Staying Well at the Castle

Being successful in the Kasteel Well program requires a delicate balancing act. Between traveling, planning, homework, and extracurriculars, it can be difficult to remember another very important task – maintaining your health. Proper hydration, nutrition, and physical well-being are easily neglected when you’re eating piles of sugar-coated waffles in Bruges or falling behind in endless reading assignments! Luckily, my personal experiences at the castle, combined with those of my fellow castle-dwellers, prove that staying healthy at Emerson’s European Center is not impossible. It just takes a little practice and awareness.

Hydration

image from thepetitfour.com

In theory, staying hydrated seems obvious and simple. At the castle, water is readily available from the sinks in the rooms or the pitchers in the dining hall. However, while traveling, it is surprisingly difficult to get enough water. Depending on the country, water can cost as much or more than beer, and tap water is largely unheard of. Try asking specifically for tap water at restaurants, but be prepared to pay several euros for small 0.2, 0.3, or 0.5 liter bottles. Juice is an okay alternative that costs around the same. However, the best method of staying hydrated is investing in a water bottle. Try to get one with a good filter that lasts at least three months, so there’s less worry of how clean the tap water is in whatever country you happen to be in. They can be a bit more expensive, but will ultimately be cheaper than paying for doctor’s bills! If you don’t own a water bottle, buy a plastic one when you reach your destination and use it the entire weekend, then throw it out. Refilling a water bottle sometimes requires some creativity: if your hostel doesn’t have a designated fountain, refill your bottle in the bathroom or a kitchen sink.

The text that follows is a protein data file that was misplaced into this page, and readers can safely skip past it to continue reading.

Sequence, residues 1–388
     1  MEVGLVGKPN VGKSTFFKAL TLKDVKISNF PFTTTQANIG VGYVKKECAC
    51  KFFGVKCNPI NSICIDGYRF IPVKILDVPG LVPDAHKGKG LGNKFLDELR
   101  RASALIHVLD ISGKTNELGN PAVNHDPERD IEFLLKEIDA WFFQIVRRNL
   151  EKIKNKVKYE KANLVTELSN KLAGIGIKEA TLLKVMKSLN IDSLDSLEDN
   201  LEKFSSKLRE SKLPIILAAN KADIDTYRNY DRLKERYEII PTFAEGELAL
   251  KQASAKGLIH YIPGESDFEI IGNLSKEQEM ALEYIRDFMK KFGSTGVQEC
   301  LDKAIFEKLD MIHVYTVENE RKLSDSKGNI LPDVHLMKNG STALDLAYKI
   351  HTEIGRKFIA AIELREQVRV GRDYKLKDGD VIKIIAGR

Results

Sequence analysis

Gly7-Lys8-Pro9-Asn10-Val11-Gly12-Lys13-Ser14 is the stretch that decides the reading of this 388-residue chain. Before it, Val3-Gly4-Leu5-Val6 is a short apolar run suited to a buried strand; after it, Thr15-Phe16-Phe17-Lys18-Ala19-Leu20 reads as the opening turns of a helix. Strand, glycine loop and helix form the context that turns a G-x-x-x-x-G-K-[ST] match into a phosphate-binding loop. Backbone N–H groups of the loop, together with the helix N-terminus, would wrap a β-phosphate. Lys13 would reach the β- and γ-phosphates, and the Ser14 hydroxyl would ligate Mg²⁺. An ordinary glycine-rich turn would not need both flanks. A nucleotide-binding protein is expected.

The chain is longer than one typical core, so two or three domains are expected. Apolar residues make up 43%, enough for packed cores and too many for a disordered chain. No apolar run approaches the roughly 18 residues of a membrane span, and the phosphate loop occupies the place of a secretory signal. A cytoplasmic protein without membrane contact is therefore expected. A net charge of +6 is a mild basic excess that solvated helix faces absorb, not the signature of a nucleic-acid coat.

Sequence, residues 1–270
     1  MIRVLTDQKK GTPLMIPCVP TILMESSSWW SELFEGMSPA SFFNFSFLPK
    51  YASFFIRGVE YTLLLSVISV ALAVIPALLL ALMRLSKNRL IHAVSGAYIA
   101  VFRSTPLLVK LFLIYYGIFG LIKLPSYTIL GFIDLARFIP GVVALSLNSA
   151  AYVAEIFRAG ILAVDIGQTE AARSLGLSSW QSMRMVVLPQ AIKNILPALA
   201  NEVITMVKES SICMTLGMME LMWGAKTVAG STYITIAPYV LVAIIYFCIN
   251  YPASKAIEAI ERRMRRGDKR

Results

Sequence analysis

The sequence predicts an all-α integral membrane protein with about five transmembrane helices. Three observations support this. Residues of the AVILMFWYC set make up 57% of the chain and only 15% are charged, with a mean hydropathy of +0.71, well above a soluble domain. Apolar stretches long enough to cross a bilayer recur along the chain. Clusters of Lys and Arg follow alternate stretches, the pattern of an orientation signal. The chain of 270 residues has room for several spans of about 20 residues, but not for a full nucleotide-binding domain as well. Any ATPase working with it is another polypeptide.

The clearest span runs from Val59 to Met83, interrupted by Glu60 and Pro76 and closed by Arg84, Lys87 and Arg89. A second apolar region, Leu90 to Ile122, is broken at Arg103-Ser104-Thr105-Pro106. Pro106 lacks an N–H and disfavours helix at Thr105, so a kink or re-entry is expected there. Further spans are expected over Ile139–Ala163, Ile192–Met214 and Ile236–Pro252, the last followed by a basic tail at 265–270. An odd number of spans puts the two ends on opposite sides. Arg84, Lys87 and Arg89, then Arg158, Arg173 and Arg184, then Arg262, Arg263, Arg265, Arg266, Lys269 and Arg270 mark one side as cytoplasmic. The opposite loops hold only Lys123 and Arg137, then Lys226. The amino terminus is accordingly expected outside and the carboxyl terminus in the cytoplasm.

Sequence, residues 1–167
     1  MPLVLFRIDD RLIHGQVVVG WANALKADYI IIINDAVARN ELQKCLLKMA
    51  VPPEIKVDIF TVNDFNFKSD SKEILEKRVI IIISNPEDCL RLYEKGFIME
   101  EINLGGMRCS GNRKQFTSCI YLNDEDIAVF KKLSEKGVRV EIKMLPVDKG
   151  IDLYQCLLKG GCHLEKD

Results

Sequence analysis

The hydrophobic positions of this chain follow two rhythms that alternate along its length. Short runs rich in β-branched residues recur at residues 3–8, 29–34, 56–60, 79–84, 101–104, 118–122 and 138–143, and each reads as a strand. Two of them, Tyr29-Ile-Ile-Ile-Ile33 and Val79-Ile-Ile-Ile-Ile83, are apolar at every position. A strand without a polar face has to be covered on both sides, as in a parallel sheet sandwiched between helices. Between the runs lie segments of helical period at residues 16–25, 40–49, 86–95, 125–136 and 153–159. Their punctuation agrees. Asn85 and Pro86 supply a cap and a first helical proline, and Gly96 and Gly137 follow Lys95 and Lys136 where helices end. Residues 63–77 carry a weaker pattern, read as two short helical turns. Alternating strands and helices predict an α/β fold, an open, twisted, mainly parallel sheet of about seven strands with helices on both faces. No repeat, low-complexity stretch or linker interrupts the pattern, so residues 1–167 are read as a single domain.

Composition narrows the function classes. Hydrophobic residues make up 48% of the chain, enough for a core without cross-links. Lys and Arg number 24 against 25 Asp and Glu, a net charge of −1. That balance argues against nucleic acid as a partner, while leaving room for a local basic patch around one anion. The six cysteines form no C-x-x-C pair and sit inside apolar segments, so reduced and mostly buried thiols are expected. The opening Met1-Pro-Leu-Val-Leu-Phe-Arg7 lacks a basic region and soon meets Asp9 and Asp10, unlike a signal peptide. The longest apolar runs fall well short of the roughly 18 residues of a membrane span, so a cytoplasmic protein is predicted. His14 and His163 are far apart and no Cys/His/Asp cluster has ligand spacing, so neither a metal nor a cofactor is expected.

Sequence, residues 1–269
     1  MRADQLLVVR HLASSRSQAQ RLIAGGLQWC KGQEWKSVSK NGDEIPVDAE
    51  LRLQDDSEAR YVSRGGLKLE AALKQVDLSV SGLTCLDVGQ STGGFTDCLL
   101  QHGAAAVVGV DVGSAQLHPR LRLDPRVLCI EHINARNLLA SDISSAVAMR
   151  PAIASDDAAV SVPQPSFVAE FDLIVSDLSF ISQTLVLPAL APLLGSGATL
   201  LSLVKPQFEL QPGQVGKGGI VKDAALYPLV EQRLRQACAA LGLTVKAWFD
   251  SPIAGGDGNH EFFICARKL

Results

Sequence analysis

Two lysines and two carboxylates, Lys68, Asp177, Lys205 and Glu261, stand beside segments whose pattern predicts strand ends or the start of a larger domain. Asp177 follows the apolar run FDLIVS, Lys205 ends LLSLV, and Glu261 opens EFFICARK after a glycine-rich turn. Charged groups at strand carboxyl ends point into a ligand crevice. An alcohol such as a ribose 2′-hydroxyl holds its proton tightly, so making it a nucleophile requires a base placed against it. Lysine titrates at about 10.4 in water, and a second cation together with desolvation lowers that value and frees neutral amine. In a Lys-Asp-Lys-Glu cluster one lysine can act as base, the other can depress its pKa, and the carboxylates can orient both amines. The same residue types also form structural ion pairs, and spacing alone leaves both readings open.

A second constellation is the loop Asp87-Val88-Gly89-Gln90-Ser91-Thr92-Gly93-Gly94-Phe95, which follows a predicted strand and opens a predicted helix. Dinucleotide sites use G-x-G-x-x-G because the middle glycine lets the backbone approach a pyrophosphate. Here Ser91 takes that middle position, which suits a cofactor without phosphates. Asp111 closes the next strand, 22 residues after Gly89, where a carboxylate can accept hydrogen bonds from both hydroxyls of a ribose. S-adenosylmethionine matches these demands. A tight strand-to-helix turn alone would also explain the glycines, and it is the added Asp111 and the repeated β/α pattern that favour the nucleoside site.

Nutrition

One of the best things to spend your money on while traveling is good food. But if you’re eating less healthy on the weekends (which is very likely to happen thanks to time and money constraints) take special care during your days at the castle. Not every meal the dining hall staff cooks gives you all the nutrients you need, so combine the salad bar and spread of cold foods with the hot meal. One of the biggest problems with the castle dining hall is the limited selection of food. To avoid getting sick of it, switch up how you get your vitamins, protein, and other nutrients: for example, one day eat the eggs they often serve at lunch but make a sandwich with cold cuts the next.

Exercise

photo by Julia Domenicucci

Luckily this one is easy, and you might get more exercise than you realize. Each weekend you’ll be walking around a city, usually several kilometers a day (1 kilometer is a little over 1/2 mile). If you like walking (or need a more exercise), find a park and spend a few hours exploring, or skip the public transport. The town of Well, where the castle is located, is small but very picturesque and walkable – or run-able! Within the castle itself, the countless stairs you will go up and down each day only help your leg muscles, although the stairs can get quite tiring. For a different sort of workout, rent a bike (either for a day, weekend, or semester) to use around Well. The rent for the semester might be an expensive investment depending on your budget, but there’s nothing like being able to bike to and from Germany in a couple of hours. More formal workouts are possible by visiting the castle’s tiny gym (which offers bikes, weights, and gazelles) or joining sports nights (these are run by the RA’s and the students vote on what games to play).

This only offers a few ideas for staying healthy while studying abroad and traveling at the castle. At the core, awareness and balance are key. What other methods do you have for keeping up your health while traveling?

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